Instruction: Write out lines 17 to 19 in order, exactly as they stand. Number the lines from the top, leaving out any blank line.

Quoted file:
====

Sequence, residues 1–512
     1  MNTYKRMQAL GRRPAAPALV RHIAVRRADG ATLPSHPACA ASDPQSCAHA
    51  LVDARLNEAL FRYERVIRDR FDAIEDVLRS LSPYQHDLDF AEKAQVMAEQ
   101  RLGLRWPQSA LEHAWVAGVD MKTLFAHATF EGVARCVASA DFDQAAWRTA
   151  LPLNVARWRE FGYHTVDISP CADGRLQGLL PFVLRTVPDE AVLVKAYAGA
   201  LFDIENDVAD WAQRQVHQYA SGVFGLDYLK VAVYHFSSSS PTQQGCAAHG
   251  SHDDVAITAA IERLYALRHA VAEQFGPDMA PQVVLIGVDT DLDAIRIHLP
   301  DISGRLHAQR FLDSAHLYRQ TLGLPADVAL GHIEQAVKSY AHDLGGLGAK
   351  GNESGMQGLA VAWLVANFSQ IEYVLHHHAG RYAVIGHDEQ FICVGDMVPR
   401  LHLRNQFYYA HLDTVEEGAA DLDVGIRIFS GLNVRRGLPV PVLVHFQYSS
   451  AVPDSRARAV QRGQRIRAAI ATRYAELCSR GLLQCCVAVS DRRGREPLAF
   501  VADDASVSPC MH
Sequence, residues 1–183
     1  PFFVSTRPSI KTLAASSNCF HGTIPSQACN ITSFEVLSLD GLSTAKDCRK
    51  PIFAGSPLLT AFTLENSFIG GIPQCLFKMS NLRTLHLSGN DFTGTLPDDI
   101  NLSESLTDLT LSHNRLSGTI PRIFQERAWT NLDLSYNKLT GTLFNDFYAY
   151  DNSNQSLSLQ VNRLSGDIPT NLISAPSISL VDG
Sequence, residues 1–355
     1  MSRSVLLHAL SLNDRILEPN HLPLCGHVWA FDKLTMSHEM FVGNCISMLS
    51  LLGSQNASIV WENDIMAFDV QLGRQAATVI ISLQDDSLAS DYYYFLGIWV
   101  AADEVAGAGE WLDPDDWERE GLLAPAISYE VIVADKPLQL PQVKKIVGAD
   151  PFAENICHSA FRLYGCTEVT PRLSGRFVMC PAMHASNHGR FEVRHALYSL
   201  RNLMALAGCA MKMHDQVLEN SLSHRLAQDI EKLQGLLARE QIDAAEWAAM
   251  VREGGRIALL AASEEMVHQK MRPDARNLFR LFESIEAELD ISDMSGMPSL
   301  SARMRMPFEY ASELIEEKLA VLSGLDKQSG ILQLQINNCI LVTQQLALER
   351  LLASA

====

   151  DNSNQSLSLQ VNRLSGDIPT NLISAPSISL VDG
Sequence, residues 1–355
     1  MSRSVLLHAL SLNDRILEPN HLPLCGHVWA FDKLTMSHEM FVGNCISMLS